So Sidney has had some setbacks that would have sent another kid crying home, probably not to come back again. That’s the nature of dog training, don’t you know; two steps forward and one step back; and sometimes the opposite of that logic. But she takes it all well and is very serious in her work. And she does her homework. And anybody who actually does their homework will grow and improve and advance and earn all the things we like to think we are working towards.


Questions comments & impassioned speeches to Bud Houston The Country Dream web store is up and running. You know… I have five volumes (over 100 pp each) of The Joker’s Notebook available on my web-store at an embarrassingly inexpensive price. These are lesson plans suitable for individual or group classes for teaching dog to work at a distance.

3 Responses to “The Dog Trainer”

  1. Michelle Says:

    Boy, I agree with you about the fencing. When I started with Mollie we often had just surveyor’s tape at the top of flimsy stakes designating the ring. Now peole call me before entering a trial to see if it will be “completely fenced”. Scary.

    Nice reminder about the training; I am just starting Vincent and want him to do things independant of me, not having to be lured or led. So far ( on the simplist of things) he has the moxie to go ahead and try it.

  2. Jean Magee Says:

    Here in the UK we still have plastic ribbon surrounding the ring and it does happen occasionally that dogs go on run about.
    I started doing obedience 40 years ago and yes I did learn how to train a dog. I did this by listening, reading and watching I was very keen. I gave it all up 31 years ago when I had my daughter. Six years ago when my daughter had fled the nest I came back into ‘dogs’ but this time doing agility with a Standard Poodle. I taught her the conventional way by running alongside her and as I can’t run I have to get someone else to run her now.
    I am amazed when I see new people coming into the sport. Most of them can’t do a recall, retrieve, stay or send. They do exactly as you describe, yanking their dog round on a lead until the dog gets the message. The trainer then shows them techniques, front cross, rear cross, contact training etc. Reward is never mentioned. After a few months they take themselves off to a show with the dog still not able to do a recall or a stay.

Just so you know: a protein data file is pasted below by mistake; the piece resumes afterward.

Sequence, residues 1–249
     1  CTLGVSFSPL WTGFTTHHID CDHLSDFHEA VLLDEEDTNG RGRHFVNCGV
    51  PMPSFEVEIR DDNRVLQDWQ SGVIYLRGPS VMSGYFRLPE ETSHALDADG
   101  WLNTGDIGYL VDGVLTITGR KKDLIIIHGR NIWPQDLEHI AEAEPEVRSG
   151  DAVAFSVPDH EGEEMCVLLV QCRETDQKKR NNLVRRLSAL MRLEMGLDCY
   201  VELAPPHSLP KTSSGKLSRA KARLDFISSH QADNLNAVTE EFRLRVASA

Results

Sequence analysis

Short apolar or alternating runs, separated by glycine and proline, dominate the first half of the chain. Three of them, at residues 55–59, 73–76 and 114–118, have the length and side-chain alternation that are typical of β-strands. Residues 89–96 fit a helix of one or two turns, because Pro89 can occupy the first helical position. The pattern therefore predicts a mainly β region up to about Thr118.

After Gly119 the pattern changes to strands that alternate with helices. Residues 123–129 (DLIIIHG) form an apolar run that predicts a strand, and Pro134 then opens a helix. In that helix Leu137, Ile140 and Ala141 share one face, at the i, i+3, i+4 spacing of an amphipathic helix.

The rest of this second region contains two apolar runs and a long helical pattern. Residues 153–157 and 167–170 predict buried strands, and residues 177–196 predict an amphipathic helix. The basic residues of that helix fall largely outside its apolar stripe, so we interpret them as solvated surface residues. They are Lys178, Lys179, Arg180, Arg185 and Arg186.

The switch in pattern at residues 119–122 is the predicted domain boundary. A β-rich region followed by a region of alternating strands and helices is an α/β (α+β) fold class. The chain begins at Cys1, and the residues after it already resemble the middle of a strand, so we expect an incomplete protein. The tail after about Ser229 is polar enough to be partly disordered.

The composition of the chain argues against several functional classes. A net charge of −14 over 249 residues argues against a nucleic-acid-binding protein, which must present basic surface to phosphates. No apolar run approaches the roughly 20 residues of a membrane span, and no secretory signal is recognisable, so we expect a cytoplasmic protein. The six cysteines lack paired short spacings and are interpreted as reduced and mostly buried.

At that point a lot of new handlers disappear. Some tenacious ones persevere until they have got a dog capable of following direction, others get a new dog. But even experienced handlers aren’t big on reward.
    I’m very big on reward my newest little girl has to do it all on her own, while I stand in the middle either shouting or waving directions. She’s 3 now and we are just starting to put it all together we have great hopes for 2012.
    I love your blog I have learnt so much since I started reading it this year and I recently downloaded one of your ‘Jokers notebooks’ when I have worked through it I intend to download them all one at a

    PS I don’t expect my dog to come back to me for her reward. In the beginning I lay it on the other side of the jump and when she gets the message, I throw it for her. This has brought on problems because she seems to be able to count and when she gets near to the end of a course at a show she has started twirling expecting her ball to be thrown. I have now got a friend to help me and she drops the ball at the end of the course.

Comments are closed.

%d bloggers like this: